Like everybody else, I loved "If" by Rudyard Kipling. But, as you all know, I'm radically committed to gender equality and a non-sexist society, so the final lines:
Yours is the earth-- and everything that's in it--
And what is more; you'll be a man, my son!
Bothered me A LOT.
First of all, it's redundant. If you're a man, then the earth and everything that's in it is ALREADY YOURS, because you benefit from patriarchy and male privilege. Kipling should have written, "And what's THE SAME, you'll be a man, by son."
But, more fundamentally, it's exclusionary. How can a woman read this poem and not feel Othered? It's going to Other the HECK out of any woman! (Apparently, it was Ayn Rand's favourite poem, but she was a fascist anyway.)
Today, though, I realised that this poem is no longer sexist because of...GENDER FLUIDITY!
Yes, in order to enjoy the final lines of the poem, you only have to "transition" into maleness and (if you want to) transition back. It only take a moment-- no surgery, HRT, or even wardrobe changes are necessary, these days.
A deep reading of the poem actually undermines gender norms! Kipling, one would have thought, was a believer in essentialist gender roles. But the very title of the poem is "If", and the last line suggests that gender is not fixed or essential. Wooohooo! Even big old fascist Kipling was queer underneath!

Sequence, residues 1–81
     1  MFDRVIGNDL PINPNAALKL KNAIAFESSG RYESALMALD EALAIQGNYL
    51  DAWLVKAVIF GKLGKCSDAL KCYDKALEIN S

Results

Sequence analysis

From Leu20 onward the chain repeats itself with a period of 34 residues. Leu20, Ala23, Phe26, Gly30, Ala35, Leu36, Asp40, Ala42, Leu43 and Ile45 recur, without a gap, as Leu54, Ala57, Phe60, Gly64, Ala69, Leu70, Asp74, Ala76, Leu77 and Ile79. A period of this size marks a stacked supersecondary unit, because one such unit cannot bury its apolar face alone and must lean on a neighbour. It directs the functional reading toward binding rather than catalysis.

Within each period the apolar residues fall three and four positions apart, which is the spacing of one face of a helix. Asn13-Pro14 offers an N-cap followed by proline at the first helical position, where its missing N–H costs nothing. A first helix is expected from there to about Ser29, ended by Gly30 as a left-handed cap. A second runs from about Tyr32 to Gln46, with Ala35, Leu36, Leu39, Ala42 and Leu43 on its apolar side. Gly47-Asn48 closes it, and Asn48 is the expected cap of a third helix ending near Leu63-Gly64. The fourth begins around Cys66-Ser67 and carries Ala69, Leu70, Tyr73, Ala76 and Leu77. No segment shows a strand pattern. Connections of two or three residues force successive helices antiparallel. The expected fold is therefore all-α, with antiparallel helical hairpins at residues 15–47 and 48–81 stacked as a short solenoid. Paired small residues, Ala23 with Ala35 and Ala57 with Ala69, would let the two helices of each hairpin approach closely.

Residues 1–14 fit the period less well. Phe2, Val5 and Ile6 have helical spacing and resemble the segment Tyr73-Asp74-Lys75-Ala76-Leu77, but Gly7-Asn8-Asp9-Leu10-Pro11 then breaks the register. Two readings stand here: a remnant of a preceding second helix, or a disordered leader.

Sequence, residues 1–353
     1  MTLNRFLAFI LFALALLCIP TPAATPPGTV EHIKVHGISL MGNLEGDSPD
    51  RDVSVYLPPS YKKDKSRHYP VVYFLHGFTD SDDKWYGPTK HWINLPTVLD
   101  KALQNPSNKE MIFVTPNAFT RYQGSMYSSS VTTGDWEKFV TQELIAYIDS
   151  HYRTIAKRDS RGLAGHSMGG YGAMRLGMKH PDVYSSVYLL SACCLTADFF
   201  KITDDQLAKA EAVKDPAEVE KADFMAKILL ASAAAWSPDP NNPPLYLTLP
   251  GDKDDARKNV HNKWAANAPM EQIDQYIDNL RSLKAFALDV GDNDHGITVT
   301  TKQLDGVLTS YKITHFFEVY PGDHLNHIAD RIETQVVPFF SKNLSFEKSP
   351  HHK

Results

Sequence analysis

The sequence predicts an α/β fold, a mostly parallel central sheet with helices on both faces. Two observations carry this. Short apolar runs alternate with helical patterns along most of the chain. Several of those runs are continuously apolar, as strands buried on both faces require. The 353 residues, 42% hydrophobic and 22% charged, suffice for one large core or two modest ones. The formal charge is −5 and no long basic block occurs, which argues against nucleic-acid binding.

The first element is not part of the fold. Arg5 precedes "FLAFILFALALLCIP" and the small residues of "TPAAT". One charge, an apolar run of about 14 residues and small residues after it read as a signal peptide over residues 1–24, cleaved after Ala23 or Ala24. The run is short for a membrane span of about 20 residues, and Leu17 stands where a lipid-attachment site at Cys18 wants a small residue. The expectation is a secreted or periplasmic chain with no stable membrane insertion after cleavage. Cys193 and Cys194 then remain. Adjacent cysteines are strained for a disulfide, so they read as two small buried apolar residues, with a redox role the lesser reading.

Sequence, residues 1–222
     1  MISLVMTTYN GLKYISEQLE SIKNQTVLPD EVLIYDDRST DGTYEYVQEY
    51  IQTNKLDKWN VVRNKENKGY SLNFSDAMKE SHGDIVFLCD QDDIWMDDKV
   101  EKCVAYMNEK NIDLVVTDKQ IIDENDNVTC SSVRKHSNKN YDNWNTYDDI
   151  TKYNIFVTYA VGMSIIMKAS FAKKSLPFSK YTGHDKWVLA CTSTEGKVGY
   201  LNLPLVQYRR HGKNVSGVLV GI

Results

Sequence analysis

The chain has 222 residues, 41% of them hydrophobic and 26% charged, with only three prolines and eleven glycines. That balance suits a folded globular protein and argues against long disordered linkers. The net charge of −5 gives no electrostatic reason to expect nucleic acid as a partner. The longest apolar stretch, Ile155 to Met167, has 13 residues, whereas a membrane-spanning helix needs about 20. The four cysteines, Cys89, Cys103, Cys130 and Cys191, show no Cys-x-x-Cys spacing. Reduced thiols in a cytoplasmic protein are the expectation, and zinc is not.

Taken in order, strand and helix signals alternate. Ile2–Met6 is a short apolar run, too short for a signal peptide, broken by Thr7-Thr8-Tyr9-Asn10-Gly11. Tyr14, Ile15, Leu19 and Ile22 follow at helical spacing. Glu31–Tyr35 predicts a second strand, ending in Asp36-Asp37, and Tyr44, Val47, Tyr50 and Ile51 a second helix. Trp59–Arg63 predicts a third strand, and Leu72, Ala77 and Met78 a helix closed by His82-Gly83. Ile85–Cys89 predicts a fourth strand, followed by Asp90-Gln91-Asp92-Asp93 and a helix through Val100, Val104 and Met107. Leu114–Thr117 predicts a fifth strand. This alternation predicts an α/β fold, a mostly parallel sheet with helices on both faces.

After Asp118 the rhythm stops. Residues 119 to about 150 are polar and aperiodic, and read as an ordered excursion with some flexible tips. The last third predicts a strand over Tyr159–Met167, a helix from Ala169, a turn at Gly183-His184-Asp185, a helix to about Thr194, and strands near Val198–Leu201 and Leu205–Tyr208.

Mind you, Kipling is only right-wing from an English perspective. From an Irish perspective, he was progressive, because he was in favour of World War One....and celebrating World War One is progressive in Ireland...because Irish nationalists opposed World War One...and nationalism is bad....well, if you're Irish it's bad....well, in the last few decades it's been bad....being an Irish nationalist was good before that because it was anti-imperalist. I don't know how it all works. It's so confusing. Anyway, at least I feel better that I can enjoy "If" now, without guilt. And so can you!